It was a case of mistaken identity.
I walked into my local Papa John’s to pick up a carryout pizza. I’m too cheap to pay for delivery and tip the driver. My order was delivered to the counter quickly and I paid. As the well-intentioned young man behind the counter was handing me the receipt he said, “Thank you for your service.” I smiled and nodded, not knowing what he meant. It wasn’t until I got to the car that it dawned on me. He mistook the Dallas Cowboys star logo on my coat sleeve for a United States Air Force star. I live near a United States Air Force base so it is not uncommon to see our service men and women around town. Easy mistake.
I have to admit I felt guilty for getting praise I didn’t earn or deserve. I don’t want to take anything away from the brave men and women who volunteer to serve our country.
I was raised to believe that you strive to do your best because it is the right thing to do. Give your best effort as a matter of pride not as a matter of praise. Applause is something you earn for being exceptional.
I remember going through some old boxes with my father. Years earlier, he served in the United States Marines Corps and the box contained mementos of his military days. He did his basic training at Camp Lejeune in Jacksonville, North Carolina. Several shiny items in the box caught my eye immediately. They were marksmanship qualification badges that he earned while enlisted. He reached the highest rank of expert and was rewarded for his skills. I don’t recall seeing a medal just for showing up.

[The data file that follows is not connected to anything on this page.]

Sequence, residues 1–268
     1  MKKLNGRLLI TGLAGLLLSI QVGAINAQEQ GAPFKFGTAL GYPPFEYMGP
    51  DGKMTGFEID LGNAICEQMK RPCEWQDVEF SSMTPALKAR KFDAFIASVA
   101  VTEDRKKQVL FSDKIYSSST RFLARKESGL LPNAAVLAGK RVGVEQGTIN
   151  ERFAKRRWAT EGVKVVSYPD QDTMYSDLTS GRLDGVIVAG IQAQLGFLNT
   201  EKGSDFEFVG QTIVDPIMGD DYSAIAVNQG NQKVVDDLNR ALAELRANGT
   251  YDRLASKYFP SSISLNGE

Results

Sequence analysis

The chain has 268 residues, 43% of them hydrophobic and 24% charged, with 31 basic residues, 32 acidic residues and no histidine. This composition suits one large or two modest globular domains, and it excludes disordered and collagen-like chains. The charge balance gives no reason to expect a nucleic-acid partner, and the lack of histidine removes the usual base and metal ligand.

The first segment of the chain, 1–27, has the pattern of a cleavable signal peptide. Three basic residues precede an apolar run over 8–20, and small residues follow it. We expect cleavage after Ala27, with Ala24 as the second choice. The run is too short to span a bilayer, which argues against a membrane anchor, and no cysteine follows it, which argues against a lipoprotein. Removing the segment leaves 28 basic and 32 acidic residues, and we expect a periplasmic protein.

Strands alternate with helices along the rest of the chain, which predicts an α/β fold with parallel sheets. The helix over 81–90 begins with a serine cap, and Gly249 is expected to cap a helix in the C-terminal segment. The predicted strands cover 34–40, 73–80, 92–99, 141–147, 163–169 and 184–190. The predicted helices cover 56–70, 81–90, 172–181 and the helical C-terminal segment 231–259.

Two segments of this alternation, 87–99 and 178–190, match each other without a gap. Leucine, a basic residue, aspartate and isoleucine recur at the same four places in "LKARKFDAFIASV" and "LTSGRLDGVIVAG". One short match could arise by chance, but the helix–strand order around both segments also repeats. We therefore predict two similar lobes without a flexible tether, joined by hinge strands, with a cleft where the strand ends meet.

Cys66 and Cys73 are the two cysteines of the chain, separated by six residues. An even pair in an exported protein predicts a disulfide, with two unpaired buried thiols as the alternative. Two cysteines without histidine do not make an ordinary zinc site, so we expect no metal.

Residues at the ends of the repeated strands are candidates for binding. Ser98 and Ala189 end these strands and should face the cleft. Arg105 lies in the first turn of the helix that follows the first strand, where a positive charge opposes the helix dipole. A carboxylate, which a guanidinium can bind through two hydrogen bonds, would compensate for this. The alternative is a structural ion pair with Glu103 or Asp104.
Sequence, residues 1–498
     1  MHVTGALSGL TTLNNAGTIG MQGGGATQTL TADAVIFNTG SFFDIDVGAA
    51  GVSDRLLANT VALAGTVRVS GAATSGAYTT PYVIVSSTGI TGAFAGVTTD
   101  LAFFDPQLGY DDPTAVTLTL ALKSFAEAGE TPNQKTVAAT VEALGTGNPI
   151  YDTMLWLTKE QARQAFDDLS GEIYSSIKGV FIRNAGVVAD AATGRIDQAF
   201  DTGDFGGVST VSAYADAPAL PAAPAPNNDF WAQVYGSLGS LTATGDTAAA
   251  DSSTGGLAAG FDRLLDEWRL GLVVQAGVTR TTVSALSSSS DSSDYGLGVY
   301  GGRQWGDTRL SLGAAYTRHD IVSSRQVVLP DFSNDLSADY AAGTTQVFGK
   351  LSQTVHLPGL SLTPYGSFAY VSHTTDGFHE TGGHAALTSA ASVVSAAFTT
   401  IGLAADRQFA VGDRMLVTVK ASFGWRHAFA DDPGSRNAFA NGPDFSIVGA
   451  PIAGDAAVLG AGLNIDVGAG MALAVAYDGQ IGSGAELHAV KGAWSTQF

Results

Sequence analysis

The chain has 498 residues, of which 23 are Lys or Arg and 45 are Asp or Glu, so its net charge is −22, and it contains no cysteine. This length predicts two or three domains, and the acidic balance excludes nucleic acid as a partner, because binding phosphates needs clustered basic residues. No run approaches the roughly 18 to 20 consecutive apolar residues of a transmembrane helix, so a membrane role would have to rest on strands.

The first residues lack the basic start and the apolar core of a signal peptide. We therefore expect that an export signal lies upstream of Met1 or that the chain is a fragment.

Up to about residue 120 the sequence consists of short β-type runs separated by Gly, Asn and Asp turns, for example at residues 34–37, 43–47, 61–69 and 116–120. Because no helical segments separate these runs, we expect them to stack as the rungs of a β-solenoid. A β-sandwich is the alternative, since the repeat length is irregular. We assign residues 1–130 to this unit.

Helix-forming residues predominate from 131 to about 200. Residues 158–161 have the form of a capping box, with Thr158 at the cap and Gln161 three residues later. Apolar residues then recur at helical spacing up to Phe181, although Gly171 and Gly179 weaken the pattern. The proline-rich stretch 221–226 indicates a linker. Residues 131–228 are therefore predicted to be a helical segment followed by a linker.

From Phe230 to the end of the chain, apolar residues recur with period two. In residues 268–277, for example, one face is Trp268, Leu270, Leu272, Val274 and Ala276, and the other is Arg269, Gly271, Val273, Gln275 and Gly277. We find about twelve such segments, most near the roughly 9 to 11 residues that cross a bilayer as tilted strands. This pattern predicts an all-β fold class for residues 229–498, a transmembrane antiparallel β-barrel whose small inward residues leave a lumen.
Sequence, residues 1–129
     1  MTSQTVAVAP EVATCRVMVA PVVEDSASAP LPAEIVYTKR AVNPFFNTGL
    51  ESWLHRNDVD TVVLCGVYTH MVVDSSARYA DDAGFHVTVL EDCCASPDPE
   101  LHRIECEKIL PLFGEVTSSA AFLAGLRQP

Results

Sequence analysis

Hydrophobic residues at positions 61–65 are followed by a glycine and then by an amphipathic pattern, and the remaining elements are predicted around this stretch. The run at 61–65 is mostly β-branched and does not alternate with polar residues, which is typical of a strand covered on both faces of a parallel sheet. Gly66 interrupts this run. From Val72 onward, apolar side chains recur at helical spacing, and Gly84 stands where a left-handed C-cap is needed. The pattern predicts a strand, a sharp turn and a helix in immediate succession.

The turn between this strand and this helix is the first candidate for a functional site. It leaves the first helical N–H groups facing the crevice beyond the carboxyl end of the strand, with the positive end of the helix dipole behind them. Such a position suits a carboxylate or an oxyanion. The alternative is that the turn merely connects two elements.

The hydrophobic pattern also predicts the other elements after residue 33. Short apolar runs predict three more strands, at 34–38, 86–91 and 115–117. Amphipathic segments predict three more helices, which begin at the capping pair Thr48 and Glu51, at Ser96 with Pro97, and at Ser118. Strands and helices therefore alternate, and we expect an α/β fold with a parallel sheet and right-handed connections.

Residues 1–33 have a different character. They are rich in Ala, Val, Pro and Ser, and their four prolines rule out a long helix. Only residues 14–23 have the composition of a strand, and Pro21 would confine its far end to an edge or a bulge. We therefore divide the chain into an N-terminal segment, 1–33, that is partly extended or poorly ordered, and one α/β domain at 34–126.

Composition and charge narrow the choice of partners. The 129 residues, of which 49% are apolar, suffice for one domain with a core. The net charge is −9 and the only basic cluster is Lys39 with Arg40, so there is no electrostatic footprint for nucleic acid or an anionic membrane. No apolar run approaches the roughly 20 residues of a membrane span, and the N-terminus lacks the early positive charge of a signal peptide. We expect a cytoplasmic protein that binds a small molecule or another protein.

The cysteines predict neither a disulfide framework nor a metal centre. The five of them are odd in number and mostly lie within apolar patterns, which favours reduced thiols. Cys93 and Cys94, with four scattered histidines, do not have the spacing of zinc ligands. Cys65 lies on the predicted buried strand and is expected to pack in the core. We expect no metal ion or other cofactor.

As leaders, we have some people on our teams, who think they deserve a medal just for showing up. They have been praised for doing the minimum or taught to believe everyone should get a ribbon. These low expectations work against us.
We fail as leaders when we allow low expectations to continue unchecked.
The art of leadership means finding the delicate balance between high and low expectations for our organization. If our expectations are too low, we can unwittingly impede their progress and allow them to be lazy. Our organization will suffer from mediocrity and our team members will quickly disengage from meaningful contribution.
On the other hand, if our expectations are unrealistically high, our organization will have little to celebrate and team members are in danger of becoming exhausted and discouraged also resulting in disengaged team members.
When our expectations are just right, we see a steady progression of growth in both the organization and the individual team members.
We have that in common with video game designers. A game designer knows that if you make a game too easy, people are going to get bored and not play. If you make it too hard, people won’t continue to play because they don’t see progress. The key is making each level challenging enough to entice players to stay engaged so they can progress to the next level.
So how do we walk find this fine line?
Here are a couple ideas:
- Build relationships with people on your team, so you know what motivates them.
- Set a baseline of minimum expectations and communicate them regularly.
- Praise progress rather than low performance.
- Reward people when they do an excellent job.
- Find ways to help people step up.
People will rise to the level of our expectations.
What expectations do you have for your team members? Which team members are doing well and which ones are demonstrating an attitude of entitlement for just showing up? How long can you afford to allow low expectations to impede the progress of the team?
I would love to hear your thoughts on how you keep challenging your teams.